tisdag, mars 07, 2006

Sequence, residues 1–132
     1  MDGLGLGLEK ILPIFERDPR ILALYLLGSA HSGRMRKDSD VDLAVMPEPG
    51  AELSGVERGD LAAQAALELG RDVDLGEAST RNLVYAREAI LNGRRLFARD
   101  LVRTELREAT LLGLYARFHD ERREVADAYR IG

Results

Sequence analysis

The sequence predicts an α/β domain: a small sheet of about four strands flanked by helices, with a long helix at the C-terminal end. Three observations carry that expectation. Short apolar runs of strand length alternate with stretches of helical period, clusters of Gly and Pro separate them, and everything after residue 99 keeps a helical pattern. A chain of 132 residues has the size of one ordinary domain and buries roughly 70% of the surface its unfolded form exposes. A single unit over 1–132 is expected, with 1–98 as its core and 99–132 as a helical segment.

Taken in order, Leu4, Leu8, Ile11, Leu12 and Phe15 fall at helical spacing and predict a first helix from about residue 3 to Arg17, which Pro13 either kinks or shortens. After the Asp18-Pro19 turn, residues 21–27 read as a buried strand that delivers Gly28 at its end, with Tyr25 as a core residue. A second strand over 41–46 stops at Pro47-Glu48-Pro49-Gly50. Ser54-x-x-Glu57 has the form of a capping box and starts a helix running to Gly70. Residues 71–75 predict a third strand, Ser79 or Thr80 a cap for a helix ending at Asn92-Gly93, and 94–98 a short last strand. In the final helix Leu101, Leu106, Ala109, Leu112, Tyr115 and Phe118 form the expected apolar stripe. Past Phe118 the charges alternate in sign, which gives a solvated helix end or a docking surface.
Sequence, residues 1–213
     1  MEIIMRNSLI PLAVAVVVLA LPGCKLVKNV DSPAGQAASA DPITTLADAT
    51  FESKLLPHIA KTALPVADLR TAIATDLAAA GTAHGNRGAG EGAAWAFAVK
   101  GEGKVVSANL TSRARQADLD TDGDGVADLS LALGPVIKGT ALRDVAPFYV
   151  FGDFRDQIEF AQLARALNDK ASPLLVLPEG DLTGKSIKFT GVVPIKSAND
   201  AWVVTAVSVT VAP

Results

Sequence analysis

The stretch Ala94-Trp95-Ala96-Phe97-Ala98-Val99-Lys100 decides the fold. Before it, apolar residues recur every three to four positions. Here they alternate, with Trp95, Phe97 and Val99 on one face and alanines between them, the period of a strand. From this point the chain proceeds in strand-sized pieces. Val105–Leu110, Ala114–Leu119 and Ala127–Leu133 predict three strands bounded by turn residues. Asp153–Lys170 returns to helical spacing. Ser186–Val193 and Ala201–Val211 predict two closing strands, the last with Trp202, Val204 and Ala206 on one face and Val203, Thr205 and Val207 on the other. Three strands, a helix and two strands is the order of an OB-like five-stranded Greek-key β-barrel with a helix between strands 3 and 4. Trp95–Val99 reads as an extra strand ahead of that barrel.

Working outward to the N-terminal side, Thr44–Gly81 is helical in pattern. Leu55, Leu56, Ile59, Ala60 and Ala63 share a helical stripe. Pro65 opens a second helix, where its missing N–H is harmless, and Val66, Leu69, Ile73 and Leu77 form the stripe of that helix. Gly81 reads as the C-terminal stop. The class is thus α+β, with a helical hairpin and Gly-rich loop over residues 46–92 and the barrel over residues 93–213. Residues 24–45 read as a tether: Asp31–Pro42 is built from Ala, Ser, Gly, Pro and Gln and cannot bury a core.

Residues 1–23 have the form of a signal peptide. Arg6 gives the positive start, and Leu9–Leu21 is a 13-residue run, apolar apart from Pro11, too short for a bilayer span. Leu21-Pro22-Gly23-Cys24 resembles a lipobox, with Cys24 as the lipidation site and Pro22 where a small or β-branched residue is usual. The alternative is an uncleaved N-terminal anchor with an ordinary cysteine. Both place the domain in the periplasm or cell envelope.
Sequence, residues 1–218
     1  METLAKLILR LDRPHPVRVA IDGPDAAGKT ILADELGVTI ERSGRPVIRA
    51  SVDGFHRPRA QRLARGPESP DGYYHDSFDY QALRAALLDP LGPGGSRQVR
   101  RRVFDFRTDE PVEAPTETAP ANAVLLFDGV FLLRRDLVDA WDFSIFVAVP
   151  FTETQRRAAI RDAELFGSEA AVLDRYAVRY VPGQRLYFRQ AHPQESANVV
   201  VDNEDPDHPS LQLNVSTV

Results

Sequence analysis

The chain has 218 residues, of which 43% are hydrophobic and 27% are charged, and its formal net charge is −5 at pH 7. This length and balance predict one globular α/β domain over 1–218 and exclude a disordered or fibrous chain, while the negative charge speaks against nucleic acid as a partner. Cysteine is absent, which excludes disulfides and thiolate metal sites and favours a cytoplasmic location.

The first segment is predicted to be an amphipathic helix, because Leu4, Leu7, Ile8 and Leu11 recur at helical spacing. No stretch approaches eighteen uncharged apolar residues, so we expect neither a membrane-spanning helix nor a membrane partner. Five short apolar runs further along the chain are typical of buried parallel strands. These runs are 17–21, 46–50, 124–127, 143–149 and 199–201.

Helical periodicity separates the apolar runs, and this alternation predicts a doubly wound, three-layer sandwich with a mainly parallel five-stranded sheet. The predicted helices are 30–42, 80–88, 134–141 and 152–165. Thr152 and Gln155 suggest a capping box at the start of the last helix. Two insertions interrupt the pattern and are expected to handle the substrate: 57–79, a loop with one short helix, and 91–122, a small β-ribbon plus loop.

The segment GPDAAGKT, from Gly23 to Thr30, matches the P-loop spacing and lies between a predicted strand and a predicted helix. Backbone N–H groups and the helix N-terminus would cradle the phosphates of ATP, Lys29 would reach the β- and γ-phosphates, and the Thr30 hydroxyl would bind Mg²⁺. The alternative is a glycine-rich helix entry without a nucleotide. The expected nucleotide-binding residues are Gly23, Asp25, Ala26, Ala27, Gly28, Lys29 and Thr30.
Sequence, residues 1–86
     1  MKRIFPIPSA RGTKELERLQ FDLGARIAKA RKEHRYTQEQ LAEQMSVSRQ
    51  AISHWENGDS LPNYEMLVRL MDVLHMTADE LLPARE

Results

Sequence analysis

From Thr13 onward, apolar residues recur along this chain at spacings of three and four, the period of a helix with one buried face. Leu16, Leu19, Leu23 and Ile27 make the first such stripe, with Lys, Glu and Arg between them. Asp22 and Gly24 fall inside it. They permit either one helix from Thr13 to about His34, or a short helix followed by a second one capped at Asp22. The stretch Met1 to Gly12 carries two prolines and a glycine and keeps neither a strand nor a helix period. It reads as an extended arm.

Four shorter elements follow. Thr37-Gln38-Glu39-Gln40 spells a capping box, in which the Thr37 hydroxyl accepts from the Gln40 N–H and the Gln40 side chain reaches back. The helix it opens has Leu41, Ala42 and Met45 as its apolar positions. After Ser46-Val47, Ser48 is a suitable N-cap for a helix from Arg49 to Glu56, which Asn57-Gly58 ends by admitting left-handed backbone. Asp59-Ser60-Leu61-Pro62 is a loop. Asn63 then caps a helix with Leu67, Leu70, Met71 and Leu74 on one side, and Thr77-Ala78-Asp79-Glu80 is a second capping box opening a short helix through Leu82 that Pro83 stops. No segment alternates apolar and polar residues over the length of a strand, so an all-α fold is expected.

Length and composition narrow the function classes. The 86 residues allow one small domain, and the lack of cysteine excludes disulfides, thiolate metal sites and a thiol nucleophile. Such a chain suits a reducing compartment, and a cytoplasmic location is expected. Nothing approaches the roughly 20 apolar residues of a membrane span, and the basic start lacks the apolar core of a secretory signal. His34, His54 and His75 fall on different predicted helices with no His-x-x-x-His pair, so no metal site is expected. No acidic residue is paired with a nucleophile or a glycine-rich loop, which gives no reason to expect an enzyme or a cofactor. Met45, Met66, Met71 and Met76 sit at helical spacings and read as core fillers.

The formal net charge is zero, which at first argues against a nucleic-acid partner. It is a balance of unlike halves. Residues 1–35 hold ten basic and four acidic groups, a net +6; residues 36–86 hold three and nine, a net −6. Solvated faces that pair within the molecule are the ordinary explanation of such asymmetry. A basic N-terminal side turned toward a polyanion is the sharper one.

My 8th Avenue Kings- part 5